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Vitamin D status, dietary intake and supplement use in mothers and their infants, aged 0-12 months


   Sheffield Business School


About the Project

Vitamin D is essential for the regulation of calcium and phosphorus metabolism and is essential for musculoskeletal health. The main source of Vitamin D for the UK population is the action of ultraviolet B radiation (UVB) on skin, but diet and supplementation also provide vitamin D and are particularly important when exposure to sunlight is limited (SACN, 2016). Vitamin D status is currently assessed by measuring circulating total 25-hydroxyvitamin D (25(OH)D). The Institute of Medicine currently indicates a threshold of <30nmol/L for deficiency and >50 nmol/l for sufficiency (Ross et al. 2011).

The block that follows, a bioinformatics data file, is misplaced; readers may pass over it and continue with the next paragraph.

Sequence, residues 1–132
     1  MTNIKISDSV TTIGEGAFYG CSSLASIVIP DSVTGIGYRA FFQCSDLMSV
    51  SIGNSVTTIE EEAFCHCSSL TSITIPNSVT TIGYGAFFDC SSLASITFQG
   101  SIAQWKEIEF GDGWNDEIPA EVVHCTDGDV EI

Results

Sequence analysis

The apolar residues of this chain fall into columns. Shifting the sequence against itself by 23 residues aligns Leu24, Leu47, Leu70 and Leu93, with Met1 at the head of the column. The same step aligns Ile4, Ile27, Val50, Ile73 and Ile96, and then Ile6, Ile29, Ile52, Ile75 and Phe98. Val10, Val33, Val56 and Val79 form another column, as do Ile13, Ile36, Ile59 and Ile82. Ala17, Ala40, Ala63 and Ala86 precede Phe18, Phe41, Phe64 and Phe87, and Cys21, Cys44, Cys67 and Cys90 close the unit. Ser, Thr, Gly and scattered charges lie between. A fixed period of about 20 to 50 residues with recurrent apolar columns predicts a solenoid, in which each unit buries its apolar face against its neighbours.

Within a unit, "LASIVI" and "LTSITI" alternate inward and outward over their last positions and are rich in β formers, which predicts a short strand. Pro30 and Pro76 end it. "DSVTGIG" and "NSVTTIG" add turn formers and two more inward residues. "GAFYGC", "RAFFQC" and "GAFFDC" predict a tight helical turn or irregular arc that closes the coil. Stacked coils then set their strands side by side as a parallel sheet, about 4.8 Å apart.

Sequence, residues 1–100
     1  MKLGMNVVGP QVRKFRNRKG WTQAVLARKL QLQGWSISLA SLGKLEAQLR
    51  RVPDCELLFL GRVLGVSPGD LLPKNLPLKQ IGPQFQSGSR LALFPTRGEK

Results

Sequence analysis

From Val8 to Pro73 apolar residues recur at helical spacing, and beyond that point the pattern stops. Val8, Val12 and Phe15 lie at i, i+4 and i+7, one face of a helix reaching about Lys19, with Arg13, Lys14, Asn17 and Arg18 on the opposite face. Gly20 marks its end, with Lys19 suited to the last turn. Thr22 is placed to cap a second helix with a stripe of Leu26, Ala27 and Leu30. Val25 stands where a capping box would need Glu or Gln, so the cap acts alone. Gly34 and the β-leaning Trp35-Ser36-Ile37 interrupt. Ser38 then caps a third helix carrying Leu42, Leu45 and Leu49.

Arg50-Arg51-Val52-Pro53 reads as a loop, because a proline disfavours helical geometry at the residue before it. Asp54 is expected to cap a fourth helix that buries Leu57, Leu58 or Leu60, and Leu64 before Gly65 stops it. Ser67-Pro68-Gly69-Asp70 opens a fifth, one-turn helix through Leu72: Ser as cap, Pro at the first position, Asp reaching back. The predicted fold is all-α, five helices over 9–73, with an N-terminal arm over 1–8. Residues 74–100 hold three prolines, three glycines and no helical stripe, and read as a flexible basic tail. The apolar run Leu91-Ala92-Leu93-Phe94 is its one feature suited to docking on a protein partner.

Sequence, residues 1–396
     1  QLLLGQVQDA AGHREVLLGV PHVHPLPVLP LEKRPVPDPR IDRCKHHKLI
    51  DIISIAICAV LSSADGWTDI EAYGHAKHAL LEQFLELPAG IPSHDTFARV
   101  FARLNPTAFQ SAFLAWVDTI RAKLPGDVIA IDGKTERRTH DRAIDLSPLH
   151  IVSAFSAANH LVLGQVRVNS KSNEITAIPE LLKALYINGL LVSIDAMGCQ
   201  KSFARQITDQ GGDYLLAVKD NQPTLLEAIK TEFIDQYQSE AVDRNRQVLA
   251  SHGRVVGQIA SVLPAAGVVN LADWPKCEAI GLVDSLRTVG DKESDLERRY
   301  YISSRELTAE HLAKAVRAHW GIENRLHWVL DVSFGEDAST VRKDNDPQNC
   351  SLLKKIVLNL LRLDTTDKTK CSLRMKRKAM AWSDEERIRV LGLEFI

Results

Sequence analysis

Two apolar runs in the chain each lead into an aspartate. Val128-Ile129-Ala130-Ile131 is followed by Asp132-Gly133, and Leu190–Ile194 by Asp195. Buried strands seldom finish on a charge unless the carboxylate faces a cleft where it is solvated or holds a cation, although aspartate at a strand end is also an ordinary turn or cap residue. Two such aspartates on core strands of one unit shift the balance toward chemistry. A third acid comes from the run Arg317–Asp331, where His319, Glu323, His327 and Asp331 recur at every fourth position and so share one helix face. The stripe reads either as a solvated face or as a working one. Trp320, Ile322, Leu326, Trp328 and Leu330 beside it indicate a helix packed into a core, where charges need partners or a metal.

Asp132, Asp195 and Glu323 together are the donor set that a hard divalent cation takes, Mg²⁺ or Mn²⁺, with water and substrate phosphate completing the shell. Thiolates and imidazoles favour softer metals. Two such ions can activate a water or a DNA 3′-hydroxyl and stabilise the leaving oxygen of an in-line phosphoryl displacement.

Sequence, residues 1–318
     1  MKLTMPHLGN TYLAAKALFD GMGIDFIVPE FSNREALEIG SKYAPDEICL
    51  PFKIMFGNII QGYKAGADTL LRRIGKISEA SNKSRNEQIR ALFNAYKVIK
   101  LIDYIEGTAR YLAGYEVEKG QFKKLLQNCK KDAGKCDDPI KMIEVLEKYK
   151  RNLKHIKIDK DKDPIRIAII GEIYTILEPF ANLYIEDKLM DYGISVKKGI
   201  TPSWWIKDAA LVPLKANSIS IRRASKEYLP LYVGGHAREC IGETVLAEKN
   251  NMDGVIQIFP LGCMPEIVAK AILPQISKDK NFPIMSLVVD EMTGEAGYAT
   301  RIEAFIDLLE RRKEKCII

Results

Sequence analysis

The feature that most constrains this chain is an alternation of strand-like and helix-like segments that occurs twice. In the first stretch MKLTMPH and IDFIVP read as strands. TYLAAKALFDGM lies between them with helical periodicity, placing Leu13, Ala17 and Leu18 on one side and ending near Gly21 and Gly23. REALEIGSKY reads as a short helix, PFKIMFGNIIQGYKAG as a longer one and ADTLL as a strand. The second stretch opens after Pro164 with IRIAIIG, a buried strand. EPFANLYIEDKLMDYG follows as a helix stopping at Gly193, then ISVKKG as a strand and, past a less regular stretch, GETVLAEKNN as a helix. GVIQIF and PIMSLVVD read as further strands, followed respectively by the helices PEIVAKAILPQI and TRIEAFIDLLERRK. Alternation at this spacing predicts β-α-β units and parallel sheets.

In the UK, SACN set a reference nutrient intake (RNI) of 10ug (400IU) per day for individuals aged 4 and over (SACN, 2016). This is the average amount needed to maintain total 25(OH)D above 25nmol/l for 97.5% of the UK population when UVB exposure from the sun is minimal (SACN, 2016).. Minority ethnic groups with dark skin, such as those of African, African Caribbean or South Asian origin, should also consider taking a vitamin D supplement all year round as they are at increased risk of deficiency (Darling et al, 2018; Darling et al, 2021).  Additionally, it is also recommended that pregnant and breastfeeding women take a vitamin D supplement to ensure optimal health. The vitamin D concentration of breastmilk varied between women, however, and may be dependent on vitamin D status. Infants under 1 year of age, who are breast-fed or receiving less than 500mL/day of formula milk, are also, therefore, recommended to receive a daily supplement of 8–10 μg of vitamin D throughout the year.